Feeding times are the highlight of each day. Who can resist seeing their corals actively consume something you’ve prepared for them?… which brings me to the revolting part. Having literally millions of mouths to feed, means quite a lot of food preparation. Fresh locally caught seafood and freeze-dried components are made into a forbidden smoothie. It looks almost as bad as it smells but the corals love it so around 50ml of thick slurry per 1000L of system volume is added daily, sometimes more, sometimes less. the feeding is loosely based on water quality. We often do batches of this slurry and freeze it into portions for the week ahead. Reef flavor icy poles!
Fragging is a massive part of the job, it’s the core of farming. For me personally, it’s hard to stay focused sometimes so it’s not uncommon to see me dancing away behind the saw with the tunes up loud. Repetitive or tedious fragging like single Zoanthid polyps or labor-some cuts like Leptastrea or Micromussa lord skeleton takes a while so there is plenty of time alone with my thoughts.
Learning to frag almost every type of coral using techniques to get the best survival rates, highest frag numbers, and the least amount of waste in the least amount of time can be a challenge. Even within the same genus, there are species that require a different method of propagation to ensure the growth rates are optimal. This could mean growing a type of Montipora on an acrylic sheet that the frags can be removed from and glued to a frag tile or having another species of Montipora growing on a ceramic base and cutting the whole encrusted base up into frags. It all depends on the species.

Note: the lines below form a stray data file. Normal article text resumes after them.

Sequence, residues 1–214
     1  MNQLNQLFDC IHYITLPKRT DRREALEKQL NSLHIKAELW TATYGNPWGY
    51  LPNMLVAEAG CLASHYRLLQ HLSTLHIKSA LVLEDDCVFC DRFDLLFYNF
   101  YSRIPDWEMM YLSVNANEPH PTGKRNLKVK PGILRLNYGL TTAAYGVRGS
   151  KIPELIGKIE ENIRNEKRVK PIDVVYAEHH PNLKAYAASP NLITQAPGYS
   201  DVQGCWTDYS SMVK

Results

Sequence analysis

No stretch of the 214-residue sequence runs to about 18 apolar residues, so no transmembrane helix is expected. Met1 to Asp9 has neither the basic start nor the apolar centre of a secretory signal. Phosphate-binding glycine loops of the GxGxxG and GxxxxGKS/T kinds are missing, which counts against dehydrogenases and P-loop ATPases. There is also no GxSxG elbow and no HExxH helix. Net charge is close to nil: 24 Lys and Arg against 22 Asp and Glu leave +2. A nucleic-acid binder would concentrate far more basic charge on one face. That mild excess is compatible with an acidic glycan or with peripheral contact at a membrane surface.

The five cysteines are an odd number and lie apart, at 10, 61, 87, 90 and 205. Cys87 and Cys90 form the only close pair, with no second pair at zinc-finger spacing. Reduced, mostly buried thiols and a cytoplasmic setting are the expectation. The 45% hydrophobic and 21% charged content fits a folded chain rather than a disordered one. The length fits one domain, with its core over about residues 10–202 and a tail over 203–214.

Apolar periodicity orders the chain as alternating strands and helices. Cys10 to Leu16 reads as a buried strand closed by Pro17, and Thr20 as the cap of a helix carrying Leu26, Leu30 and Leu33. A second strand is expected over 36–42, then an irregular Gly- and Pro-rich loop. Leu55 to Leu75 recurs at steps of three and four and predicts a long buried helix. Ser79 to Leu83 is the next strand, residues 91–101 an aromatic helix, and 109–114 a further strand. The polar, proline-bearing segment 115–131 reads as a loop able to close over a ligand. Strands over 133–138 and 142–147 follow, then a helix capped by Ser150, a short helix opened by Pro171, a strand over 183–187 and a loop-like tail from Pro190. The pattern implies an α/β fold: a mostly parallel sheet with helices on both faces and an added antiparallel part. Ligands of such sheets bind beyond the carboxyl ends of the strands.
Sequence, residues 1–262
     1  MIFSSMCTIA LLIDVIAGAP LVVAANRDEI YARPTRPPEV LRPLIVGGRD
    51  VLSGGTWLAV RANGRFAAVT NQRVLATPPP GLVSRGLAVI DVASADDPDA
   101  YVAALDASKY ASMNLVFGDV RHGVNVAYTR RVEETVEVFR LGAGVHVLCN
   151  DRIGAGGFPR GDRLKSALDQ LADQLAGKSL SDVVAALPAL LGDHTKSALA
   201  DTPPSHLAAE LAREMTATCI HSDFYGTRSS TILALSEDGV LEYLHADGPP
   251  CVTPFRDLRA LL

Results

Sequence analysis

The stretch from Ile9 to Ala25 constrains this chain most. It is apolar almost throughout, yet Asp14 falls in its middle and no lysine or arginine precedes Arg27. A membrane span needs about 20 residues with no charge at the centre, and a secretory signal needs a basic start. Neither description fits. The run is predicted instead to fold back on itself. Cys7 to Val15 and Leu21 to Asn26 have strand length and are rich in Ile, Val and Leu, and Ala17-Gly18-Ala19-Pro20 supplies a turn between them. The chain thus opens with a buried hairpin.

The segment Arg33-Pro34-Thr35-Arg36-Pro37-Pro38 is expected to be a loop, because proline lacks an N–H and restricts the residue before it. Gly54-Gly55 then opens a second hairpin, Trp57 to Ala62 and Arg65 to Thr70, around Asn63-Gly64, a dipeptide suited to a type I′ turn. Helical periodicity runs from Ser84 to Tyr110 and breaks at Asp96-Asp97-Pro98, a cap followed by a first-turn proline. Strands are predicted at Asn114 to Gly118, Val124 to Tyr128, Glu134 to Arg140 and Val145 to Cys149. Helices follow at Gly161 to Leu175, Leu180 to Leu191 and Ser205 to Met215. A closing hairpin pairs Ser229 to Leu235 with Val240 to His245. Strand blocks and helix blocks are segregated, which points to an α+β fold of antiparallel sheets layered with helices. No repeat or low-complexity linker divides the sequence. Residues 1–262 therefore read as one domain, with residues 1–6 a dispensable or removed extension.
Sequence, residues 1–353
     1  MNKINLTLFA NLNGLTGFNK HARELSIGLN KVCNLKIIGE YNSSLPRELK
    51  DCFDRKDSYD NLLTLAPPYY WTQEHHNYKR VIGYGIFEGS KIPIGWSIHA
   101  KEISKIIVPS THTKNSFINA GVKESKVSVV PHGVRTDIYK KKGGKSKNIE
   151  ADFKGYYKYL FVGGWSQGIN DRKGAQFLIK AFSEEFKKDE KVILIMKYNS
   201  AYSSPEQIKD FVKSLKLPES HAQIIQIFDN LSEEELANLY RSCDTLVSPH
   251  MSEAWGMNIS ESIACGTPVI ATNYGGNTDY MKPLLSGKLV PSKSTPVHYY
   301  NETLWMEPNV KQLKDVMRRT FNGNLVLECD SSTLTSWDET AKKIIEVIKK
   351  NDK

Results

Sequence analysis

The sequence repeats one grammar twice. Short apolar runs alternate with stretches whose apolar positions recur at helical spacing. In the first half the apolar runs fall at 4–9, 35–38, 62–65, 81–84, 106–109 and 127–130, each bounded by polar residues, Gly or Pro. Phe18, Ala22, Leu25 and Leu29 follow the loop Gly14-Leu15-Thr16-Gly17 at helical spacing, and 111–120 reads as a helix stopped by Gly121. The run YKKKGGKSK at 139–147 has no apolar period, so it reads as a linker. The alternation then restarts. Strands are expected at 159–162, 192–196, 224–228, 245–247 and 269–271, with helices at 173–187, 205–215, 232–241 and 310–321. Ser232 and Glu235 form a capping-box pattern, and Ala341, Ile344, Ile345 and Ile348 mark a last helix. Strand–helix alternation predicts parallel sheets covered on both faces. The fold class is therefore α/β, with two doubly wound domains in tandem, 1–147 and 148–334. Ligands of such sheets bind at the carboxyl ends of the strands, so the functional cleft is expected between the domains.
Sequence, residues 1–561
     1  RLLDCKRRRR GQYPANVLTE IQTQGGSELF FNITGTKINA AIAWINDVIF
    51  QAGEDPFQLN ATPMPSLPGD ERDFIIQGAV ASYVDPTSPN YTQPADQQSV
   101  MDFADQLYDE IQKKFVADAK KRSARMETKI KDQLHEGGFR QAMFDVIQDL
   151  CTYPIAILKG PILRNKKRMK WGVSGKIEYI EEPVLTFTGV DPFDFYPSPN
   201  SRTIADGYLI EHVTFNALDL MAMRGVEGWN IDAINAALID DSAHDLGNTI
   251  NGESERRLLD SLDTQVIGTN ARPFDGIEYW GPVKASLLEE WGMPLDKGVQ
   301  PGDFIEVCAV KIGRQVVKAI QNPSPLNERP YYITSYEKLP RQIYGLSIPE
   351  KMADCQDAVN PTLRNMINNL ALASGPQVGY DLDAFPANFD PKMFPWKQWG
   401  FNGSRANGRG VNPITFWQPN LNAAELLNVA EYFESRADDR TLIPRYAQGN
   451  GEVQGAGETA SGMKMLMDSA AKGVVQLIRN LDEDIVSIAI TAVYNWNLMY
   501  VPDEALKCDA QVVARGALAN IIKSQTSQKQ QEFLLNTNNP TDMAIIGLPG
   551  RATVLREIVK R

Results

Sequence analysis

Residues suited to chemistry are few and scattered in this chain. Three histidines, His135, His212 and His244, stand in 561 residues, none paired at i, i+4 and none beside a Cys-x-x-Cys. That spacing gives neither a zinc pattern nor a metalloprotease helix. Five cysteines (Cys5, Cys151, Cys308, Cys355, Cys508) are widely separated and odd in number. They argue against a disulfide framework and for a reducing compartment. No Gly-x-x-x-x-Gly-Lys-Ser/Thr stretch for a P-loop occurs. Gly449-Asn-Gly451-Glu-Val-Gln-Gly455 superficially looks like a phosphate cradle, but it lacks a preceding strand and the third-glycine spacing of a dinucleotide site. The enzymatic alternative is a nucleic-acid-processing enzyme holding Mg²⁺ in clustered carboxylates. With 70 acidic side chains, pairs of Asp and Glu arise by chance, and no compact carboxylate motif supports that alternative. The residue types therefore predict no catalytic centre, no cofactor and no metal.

General maintenance gets away from you at home I’m sure, but on a large scale things left unchecked can be catastrophic. We employ the help of flow meters on the pumps that are remotely accessible, this tells us if return pumps are stopped or partially blocked. We have security cameras for visual checks while we are out of the building, leak detection sensors, and a whole host of other devices and probes with double and sometimes triple redundancy in place. There is an uninterruptible power supply for the Apex system so we generally know what’s happening at all times. All of these components for peace of mind require maintenance so we try our very best to keep on top of this.